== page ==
18 September 2023
A new guide aims to improve the ability of activists and campaigners to request data held on them by Europol, the EU’s policing agency, and to increase public and political scrutiny of European police forces gathering data on individuals’ political activities.
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Access to data
The guide was created by Statewatch, European Digital Rights, IT-Pol and Access Now and sets out the legal framework, process and requirements for people to make a request to Europol to seek access to any personal information held about them.
“We don’t know how many people are affected by Europol’s data collection, processing and sharing practices,” says the guide, which argues that individuals filing requests and sharing the responses will increase understanding of the extent to which the agency is gathering data on political activists.
Filing subject access requests also requires that the agency “justify the necessity and proportionality of such processing,” helping to make it accountable for the data it holds.
A case in point is that of Frank van der Linde, a Dutch pacifist activist whose data was passed by the Dutch police to the German police and Europol with a “terrorism” label attached to it. After van der Linde sought access to the data held on him by Europol, the agency deleted it, knowing that they should not have been storing it in the first place – though van der Linde is continuing to challenge the decisions of the agency.
The guide also argues that filing subject access requests may help to illuminate how Europol is using its new powers for the bulk processing of personal data, and how data collected by the agency is used as evidence in criminal investigations and proceedings, shedding further light on how the agency works.
However, it comes with a warning for anyone wanting to file a subject access request with Europol. In order to ensure that the agency can identify the individual filing the request, it may seek additional information person to clarify who they are:
“…you must be aware of the potential negative consequences of disclosing this additional information to Europol as it identifies your political activities and could lead the police to further investigate you or link that information with an ongoing investigation.”
A widening net
Police forces have always closely observed protest, activist and campaign groups, and information recently made public suggests that over the last year European police forces have acquired a renewed interest in environmental movements.
“In 2022, there has been a clear uptick in environmental activism noted in Member States,” noted Europol in its recent 2023 Terrorism Situation and Trend (TE-SAT) report.
“The line between environmental activism and environmental extremism is often a blurred one, yet some of environmental activists’ narratives might have the potential to incite violence among extremists,” says the report.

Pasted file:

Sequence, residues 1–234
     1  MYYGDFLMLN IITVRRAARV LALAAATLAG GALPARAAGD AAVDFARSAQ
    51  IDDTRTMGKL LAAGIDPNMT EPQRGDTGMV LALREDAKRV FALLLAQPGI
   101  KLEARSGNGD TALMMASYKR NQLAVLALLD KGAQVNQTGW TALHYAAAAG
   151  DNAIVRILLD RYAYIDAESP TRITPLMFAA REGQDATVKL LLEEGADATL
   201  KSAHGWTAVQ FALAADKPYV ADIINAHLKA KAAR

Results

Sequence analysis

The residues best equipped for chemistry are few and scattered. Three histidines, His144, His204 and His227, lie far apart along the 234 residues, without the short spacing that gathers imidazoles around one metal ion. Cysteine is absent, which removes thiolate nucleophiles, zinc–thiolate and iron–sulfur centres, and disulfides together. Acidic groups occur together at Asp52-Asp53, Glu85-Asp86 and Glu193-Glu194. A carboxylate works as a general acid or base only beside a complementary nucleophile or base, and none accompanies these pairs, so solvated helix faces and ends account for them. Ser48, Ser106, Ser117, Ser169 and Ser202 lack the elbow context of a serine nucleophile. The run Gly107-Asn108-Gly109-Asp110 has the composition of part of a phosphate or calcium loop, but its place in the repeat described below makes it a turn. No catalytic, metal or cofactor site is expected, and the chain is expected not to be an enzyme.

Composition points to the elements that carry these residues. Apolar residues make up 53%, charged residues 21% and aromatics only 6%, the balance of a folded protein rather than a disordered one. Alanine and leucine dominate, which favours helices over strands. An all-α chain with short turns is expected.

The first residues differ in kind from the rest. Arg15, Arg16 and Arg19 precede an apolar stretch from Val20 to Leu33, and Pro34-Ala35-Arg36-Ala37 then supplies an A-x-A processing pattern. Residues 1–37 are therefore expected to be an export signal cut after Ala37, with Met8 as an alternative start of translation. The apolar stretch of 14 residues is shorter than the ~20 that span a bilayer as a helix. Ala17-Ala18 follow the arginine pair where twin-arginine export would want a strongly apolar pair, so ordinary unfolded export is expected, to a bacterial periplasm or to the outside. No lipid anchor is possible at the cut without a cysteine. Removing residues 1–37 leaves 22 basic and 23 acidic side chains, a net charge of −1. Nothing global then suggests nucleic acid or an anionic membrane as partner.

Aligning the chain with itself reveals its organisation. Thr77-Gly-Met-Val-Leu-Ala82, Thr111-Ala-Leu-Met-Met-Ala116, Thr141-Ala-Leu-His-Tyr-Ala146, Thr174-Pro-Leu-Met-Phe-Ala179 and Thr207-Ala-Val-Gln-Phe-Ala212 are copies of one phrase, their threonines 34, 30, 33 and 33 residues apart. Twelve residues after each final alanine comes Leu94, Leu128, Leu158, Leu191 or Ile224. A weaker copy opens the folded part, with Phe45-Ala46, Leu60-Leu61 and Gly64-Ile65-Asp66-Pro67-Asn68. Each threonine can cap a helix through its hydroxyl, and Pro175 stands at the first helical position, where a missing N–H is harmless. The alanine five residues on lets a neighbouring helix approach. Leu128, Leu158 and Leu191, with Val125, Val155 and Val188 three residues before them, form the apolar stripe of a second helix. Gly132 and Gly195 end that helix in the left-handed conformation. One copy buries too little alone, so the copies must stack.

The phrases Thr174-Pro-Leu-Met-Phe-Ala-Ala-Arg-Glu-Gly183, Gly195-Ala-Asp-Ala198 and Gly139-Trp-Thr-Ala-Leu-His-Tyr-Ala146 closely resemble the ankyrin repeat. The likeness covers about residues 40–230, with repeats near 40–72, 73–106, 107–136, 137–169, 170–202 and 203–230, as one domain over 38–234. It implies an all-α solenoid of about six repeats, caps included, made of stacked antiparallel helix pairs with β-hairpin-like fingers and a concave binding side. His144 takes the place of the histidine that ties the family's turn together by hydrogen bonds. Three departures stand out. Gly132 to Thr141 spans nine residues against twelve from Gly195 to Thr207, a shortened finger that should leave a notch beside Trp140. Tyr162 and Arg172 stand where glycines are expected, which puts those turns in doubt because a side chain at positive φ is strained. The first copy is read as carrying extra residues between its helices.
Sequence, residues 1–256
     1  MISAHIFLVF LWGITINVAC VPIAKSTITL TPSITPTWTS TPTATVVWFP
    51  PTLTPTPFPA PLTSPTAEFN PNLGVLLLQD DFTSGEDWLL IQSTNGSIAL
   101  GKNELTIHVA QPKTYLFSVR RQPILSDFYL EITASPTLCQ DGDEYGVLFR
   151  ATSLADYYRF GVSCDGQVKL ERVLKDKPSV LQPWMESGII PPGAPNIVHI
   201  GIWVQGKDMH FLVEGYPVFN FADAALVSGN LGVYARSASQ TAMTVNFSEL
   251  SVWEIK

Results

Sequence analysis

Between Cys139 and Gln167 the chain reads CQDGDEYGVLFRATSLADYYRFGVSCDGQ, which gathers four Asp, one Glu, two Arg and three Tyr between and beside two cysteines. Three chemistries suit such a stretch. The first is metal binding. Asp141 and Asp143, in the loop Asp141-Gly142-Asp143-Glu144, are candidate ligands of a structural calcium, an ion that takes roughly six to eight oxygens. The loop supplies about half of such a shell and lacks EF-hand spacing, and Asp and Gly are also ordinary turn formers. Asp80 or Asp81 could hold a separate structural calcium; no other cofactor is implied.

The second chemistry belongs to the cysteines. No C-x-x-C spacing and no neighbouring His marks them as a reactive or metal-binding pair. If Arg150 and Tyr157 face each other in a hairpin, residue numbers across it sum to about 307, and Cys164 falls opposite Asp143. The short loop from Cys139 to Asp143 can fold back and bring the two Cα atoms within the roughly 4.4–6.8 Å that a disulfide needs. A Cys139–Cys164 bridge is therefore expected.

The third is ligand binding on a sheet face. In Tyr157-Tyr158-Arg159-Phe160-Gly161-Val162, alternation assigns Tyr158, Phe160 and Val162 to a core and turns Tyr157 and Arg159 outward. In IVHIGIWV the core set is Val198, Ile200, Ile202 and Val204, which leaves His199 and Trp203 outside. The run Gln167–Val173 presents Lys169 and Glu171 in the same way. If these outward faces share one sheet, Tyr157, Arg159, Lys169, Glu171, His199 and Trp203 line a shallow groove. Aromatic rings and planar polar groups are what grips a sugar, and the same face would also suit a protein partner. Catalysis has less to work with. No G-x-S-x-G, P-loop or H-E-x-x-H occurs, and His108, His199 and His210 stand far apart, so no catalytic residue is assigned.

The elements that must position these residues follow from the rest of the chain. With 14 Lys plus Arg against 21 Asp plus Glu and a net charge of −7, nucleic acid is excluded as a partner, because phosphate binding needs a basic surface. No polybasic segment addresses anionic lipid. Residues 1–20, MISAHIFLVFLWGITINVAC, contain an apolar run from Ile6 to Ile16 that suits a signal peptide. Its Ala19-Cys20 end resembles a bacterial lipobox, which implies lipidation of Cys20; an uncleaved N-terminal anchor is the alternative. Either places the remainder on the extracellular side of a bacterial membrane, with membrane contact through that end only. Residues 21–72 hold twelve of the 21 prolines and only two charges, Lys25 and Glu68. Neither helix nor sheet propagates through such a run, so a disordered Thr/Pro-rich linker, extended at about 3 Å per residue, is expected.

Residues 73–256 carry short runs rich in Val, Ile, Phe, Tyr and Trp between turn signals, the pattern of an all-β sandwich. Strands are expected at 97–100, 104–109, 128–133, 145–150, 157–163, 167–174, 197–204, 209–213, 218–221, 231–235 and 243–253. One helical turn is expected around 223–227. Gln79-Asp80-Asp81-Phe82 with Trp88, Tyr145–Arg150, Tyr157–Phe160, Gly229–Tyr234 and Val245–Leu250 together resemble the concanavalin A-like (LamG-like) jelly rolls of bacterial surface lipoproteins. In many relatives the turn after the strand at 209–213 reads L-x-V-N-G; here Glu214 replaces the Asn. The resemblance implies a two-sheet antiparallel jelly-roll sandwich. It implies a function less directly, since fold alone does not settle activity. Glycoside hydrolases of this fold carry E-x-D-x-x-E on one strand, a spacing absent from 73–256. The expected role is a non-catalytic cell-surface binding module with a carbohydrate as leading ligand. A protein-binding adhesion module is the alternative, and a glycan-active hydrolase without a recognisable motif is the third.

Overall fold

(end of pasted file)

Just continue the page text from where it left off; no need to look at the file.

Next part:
There are multiple terrorist acts defined in EU law. In noting that the line between activism and extremism (itself not defined in law) is “blurred,” the report opens the way to include information on activities that come nowhere near the definition of terrorism – for example, “public order disturbance,” or protests in museums “when activists glued themselves to precious artefacts or damaged themselves with liquids.”
Those forms of protest may well cause inconvenience or disruption, and may even amount to acts of criminal damage – their inclusion in a report supposedly concerned with terrorism, however, will be seen by many as a way to legitimate further police surveillance of environmental movements.
Indeed, the TE-SAT report itself hints at this point, stating: “Some Member States fear the further radicalisation of parts of the environmental activist scene in the EU towards violent extremist and terrorist activity, possibly carried out by clandestine groups.”
In this context, the guide on filing subject access requests with Europol seeks to find a way to hold an increasingly-powerful agency to account, at a time when “surveillance and repression of individuals and organisations have intensified at the European level through the daily, extensive exchange of data among the agency and several European police and migration forces.”
The full guide is available here: How to request access to your personal data stored by Europol: a guide
This report examines the new powers granted to EU policing agency Europol by legal amendments approved in June 2022. It finds that while the agency's tasks and powers have been hugely-expanded, in particular with regard to acquiring and processing data, independent data protection oversight of the agency has been substantially reduced.
Proposed data-sharing deals between Europol and five states in Central and South America needs explicit safeguards if they are to uphold fundamental rights, the European Data Protection Supervisor said at the beginning of May. Police forces in those states have brutal records of violence and torture.
The EU’s police agency, Europol, has landed itself in trouble again. Having been formally admonished by the European Data Protection Supervisor (EDPS) late last year for its illegal processing of vast quantities of personal data, and in September for refusing an access request to the personal data of a political activist and trying to cover it up by deleting his data from the system, Statewatch can now reveal that the agency’s management board was in breach of the new rules governing the agency as soon as they came into force in June.
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